Johanna Drucker 65 Visual studies was its own thing, a rejection of art history’s hegemonic attachment to high art, an attempt to expand the social and cultural parameters of what was allowed to be looked at and how. But visual studies, perversely, was little concerned with visuality, and very concerned with politics, social practices, economics, ideology and so on. This left visual epistemology undeveloped. We do not have a good language for critical discussion of graphics, or of graphical principles of organization and argument. What, for instance, is the difference between hierarchy and proximity in terms of the creation of meaningful spatialized relationships in graphic design? Huge. But do we teach these principles? Communicate them? And yet, now, in the world of screen-based communication exchange and continual transactions, the need for critical engagement with the workings of graphical form could not be greater. My new book, Graphesis: Visual Forms of Knowledge Production, which was just published by Harvard University Press, is an attempt to outline the foundations of a broad-based approach grounded in the history of graphical knowledge and its practice. Sadly (perversely), for a book about visual forms of knowledge, it is badly designed, on poor paper, and dismally printed, with images that are way too small and a layout that has none of the exquisite elegance that Emily McVarish brought to our Graphic Design History: A Critical Guide. But so be it. The content of the book, will, I hope still be of some use in the larger conversation. RS: The poet you meet over dinner should have known better since poetry, though it works with images, does so in language. What he or she should have brought up is that the word in digital culture is in decay, since new technologies more and more shift communication from the linguistic to the visual mode. Take an app such as Snapchat which, through the promised ephemeral character of its images, invites users to document rather than describe. No need to voice how one is doing if one can send a snapshot of sitting in front of the TV legs on the table beer in hand. It is faster and it requires less cognitive effort. The exciting aspect of such form of communication is its increased ambiguity and semantic surplus: It is up to the perceiver what specific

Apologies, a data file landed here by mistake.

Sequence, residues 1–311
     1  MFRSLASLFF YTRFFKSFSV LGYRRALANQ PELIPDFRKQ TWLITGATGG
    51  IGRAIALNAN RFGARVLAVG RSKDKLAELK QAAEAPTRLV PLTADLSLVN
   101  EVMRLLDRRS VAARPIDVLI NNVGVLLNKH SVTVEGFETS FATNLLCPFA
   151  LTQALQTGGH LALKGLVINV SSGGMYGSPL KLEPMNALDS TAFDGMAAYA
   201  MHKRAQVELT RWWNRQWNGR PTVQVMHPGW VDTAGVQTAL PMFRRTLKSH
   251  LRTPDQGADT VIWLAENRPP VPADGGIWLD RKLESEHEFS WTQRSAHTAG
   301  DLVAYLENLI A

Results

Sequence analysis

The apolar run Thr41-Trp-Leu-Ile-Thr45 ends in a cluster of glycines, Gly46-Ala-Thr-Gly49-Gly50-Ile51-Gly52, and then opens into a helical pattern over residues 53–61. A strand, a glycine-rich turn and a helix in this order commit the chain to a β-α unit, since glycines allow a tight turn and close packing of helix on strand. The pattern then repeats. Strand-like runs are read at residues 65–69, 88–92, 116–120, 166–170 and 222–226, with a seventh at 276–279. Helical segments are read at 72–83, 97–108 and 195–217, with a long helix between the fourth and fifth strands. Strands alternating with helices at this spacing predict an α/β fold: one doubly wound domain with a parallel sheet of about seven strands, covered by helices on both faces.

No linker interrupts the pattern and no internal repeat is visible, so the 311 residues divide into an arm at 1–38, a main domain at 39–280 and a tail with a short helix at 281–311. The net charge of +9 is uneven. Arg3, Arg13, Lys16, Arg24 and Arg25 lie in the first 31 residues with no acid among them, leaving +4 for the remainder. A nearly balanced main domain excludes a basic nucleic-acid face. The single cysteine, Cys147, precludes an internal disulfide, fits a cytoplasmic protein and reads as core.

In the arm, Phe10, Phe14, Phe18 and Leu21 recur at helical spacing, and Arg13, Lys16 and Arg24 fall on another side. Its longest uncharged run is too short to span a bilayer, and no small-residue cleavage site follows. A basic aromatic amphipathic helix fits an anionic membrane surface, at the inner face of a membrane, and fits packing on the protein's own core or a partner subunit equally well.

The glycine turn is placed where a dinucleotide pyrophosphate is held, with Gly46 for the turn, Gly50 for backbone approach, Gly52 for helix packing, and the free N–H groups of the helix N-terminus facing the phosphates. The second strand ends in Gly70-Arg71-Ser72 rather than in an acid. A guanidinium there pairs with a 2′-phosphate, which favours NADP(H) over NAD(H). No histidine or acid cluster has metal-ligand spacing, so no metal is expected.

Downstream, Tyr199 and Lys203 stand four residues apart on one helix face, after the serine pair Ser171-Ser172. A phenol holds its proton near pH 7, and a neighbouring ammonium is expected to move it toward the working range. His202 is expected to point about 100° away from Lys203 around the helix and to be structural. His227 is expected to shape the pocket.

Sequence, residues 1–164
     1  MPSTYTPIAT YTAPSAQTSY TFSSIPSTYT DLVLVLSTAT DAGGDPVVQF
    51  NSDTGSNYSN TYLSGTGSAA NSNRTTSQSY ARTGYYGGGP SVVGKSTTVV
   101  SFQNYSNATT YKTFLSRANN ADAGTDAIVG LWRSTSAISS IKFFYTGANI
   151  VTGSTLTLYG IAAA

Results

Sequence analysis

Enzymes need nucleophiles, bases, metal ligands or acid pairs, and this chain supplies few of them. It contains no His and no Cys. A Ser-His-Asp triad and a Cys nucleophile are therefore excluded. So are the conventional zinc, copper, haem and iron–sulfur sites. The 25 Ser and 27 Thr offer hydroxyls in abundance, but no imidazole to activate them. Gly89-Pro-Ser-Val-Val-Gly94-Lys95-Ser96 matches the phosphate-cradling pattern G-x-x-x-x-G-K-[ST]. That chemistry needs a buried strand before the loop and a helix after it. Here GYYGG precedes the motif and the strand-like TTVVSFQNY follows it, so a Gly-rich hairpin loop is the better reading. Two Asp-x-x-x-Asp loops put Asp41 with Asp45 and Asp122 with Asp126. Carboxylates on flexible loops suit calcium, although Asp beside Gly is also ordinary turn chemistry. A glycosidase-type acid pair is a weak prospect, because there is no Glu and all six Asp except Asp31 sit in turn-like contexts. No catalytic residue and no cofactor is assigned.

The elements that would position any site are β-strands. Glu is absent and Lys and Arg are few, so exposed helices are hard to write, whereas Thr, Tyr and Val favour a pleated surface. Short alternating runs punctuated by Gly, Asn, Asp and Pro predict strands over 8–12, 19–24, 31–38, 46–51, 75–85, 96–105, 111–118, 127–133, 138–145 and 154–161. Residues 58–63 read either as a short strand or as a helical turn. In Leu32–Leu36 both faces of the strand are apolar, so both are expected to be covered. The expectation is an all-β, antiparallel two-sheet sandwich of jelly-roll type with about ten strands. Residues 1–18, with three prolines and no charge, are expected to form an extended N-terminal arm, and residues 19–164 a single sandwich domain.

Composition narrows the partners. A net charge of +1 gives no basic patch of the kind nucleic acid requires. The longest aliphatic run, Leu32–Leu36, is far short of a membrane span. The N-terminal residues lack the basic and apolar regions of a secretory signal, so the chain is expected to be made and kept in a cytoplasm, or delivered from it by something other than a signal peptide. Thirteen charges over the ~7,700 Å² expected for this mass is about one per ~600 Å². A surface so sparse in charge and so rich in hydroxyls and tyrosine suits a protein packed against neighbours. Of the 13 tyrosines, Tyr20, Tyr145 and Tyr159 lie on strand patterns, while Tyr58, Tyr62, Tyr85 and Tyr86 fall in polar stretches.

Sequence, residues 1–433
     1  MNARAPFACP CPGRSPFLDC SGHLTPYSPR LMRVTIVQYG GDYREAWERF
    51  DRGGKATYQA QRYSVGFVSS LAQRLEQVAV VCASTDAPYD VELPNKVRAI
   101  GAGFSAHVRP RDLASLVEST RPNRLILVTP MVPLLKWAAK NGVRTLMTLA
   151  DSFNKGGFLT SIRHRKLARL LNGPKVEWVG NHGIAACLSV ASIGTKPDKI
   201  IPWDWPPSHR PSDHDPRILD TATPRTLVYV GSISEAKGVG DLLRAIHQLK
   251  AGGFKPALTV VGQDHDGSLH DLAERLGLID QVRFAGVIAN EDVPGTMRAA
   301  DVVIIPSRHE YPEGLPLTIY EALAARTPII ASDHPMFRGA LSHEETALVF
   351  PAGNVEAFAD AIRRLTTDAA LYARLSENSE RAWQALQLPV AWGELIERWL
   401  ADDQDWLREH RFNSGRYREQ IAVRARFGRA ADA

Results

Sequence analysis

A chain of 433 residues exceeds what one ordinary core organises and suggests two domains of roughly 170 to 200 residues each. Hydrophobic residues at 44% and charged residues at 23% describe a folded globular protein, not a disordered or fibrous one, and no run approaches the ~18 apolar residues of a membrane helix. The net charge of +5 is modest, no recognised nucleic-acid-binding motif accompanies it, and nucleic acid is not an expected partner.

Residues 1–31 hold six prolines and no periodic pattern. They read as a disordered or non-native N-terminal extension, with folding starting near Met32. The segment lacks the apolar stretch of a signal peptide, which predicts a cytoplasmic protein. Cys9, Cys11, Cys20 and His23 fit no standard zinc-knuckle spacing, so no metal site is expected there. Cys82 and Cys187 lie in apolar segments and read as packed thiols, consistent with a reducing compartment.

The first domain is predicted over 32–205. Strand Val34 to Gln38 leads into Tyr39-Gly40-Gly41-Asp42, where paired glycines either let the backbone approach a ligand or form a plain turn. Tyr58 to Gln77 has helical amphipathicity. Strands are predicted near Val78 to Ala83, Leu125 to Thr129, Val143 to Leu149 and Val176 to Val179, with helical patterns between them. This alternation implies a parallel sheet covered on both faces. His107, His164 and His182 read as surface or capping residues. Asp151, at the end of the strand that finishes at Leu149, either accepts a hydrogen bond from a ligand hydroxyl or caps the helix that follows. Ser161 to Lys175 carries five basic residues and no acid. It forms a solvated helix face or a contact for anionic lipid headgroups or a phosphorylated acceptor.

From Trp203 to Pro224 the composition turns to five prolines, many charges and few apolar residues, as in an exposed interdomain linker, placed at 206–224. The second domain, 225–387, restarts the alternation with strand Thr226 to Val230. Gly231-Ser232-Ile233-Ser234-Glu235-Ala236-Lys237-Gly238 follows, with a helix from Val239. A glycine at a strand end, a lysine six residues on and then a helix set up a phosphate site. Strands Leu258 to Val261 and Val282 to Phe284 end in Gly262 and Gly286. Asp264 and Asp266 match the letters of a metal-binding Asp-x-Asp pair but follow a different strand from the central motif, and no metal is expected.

66 Interview 1 aspect of the photograph she responds to with an image that again says more than thousand words and hence leaves it to the perceiver to what of those ‘words’ she wants to respond. So, if Digital Humanities moves to visual forms of knowledge production this may be the academic equivalent to the development in digital culture. JD: Absolutely! Hence my call for visual epistemology as an essential and emerging field. In what does knowledge consist when it is encoded in visual, graphical, diagrammatic, schematic, and other forms we process through vision? I do not believe, along with the rest of my other poet friends, that we remediate all visual experience into language. Visuality is a primary mode of perception, representation, mediation, processing, and cognition. For years, every time I went to an art history theory conference, the conversation turned to the question of how to develop a visual mode of criticality—enacted in and through visual means. Look at Robert Frank and the sequencing of the The Americans. Juxtaposition is a critical move, one that operates across a divide that prevents closure into singularity. This can happen within an image. Winslow Homer’s amazing painting of confederate soldiers as prisoners is a masterwork of juxtaposition and difference operating within visual codes. You never exhaust the looking and comparing and the way the differentiation and specificity of each individual is produced by and across these rifts. RS: UCLA is one of the rather few universities that has a Digital Humanities center. What is your experience in this center regarding student expectations and faculty collaboration? JD: Just to be clear, the Center for Digital Humanities does not offer any degrees, graduate or undergraduate, it is a research and teaching support unit, and actually does more of the latter than the former. Our research infrastructure is as fragile as anyone else’s, I think. But we did mount an undergraduate minor and a graduate certificate as an interdisciplinary effort across schools and departments. We are thinking about a Master’s Degree that would be a stand-alone two-year degree with a subject specialization or a three-year combination with MLIS. This